Arrival at Ben Gurion International Airport was mostly uneventful. We didn't sleep well on our more than comfortable flight, but felt mostly awake and ready to begin our day. We were picked up by our son Dan and Avi's cousin Ika, someone he hasn't seen for many years. My first bird was a Common Blackbird, right on the sidewalk at the airport.
We spent the rest of the morning in Ika's company, visiting his apt. and son Harel at their apt. on the beach at Bat Yam, seeing the senior housing development where he, his wife, and daughter supervise the pool, and sniffing our way to our apt. in Tel Aviv.
Avi and I hit the wall after lunch with the kids at the Carmel Market area, so we came back, took a brief nap, and hung around the apt. while the kids went out on the town with their friends.
This morning we woke up and, while the kids slept, walked over to Rothschild Blvd. to see both the Bauhaus architecture and the tent city protests.
So, to begin with the photographic part of the post, here are photos we were able to get of two of our eight lifers, the first is a Laughing Dove and the second is a Hooded Crow:
The following series of photos are of different Bauhaus buildings along Rothschild Blvd. They are in various stages of disrepair. One can only hope funds will be found to refurbish them.
Unfortunately, I don't have specifics on some of them. Where I do, I've prefaced the photos with some information. If I've made any errors, please forgive me. The photos will still give a representative sampling of this wonderful period in Tel Aviv's architectural history. Enjoy!
Ripstein & Co. House (1934) was built as a residential and commercial building with clean-cut cubical contours. Its plain facade preserves the restrained look of the building. The perpendicular effect is induced by the stairwell windows.
The Samuelson House (a three story office building) was originally residential. Built in the cubist style, the wide balconies of the house hover over the boulevard. Its rounded side acts as an interesting contrast on the corner.
The Krieger House (1934) is a three story residential building that has been refurbished. It's built with clean and restrained lines. Its dented balconies, creating a light and shadow effect, are important elements in its design, with their balance between openings and wall. The surface of the white plastered facade protrudes somewhat, while its long narrow openings address Le Corbusier's horizontal ribbon window.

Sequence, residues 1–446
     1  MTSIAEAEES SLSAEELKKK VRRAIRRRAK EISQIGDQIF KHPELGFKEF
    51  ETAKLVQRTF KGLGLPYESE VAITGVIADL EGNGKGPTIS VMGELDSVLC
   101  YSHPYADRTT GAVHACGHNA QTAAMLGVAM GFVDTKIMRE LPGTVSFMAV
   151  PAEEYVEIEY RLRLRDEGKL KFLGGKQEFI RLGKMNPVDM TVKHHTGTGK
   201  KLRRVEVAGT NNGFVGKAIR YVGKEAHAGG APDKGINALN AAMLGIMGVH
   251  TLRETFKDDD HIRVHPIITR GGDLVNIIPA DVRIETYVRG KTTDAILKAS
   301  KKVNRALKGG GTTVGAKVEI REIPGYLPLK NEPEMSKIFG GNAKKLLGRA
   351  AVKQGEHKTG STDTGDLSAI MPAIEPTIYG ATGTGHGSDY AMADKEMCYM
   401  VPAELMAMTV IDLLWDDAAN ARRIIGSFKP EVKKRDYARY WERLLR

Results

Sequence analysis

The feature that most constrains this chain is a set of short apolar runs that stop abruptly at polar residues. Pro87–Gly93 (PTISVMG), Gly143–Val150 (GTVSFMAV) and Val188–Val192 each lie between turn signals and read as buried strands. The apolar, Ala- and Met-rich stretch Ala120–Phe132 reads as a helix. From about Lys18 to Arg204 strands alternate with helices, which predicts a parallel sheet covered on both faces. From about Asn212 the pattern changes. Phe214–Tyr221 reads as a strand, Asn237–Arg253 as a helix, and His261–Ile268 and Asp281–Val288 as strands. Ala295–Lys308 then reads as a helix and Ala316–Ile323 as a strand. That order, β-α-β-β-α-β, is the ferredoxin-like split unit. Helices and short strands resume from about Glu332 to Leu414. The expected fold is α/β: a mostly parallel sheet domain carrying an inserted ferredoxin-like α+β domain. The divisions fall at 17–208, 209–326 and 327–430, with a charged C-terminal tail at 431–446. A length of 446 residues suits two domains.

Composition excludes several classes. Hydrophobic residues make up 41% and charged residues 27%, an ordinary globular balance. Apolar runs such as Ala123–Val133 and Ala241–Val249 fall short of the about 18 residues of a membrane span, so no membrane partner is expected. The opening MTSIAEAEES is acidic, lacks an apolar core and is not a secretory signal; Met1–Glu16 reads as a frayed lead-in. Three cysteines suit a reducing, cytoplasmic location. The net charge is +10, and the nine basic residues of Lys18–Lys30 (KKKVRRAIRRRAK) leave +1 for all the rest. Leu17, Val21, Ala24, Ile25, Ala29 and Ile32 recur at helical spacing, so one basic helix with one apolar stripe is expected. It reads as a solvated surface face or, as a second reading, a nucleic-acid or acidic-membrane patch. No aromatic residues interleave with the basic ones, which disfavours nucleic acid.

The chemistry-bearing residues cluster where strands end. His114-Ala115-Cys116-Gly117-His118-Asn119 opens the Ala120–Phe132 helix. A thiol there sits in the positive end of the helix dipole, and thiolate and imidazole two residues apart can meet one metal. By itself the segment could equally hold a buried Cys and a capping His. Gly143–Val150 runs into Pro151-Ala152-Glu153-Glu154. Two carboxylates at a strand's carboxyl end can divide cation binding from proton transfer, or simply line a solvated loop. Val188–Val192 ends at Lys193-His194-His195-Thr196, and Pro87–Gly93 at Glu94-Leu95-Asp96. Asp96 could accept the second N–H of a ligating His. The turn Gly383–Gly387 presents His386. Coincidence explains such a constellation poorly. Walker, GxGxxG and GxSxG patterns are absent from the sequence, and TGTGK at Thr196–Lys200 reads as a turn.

The next few photos are of The Berlin Family House. Built in 1929, it was the private abode of the architect Yoseph Berlin and his wife, the artist and sculptor Shoshana. Yoseph Berlin immigrated to Israel in 1921 and, together with the architect Pasovsky, established the Association of Engineers and Architects. He was one of the first to apply the international style of architecture in Tel Aviv.
This building, constructed from bare silicate bricks, establish a decorative motif. The surface of the building is an impressive game of light and shade through the use of triangular outcroppings on one of its sides.
Avi also liked the tomato plant someone had growing outside their window.
The statue of three figures, two women and a man with open books in their hands with their mouths open, as though they were speaking, is the work of the sculptor Ofra Zimbalista.
The Hachami House (1933) is a residential building with a single wide facade. Its protruding mass unites all of the stories of the building. One balcony per story cuts across the width of the facade, creating horizontal divisions and preventing the sun from penetrating the rooms. The house was built for David Hachami, founder of the "Israeli Phoenix" insurance company.
The Rapoport House (1934) was being refurbished. But we took photos anyway, since the basic lines of the building remain.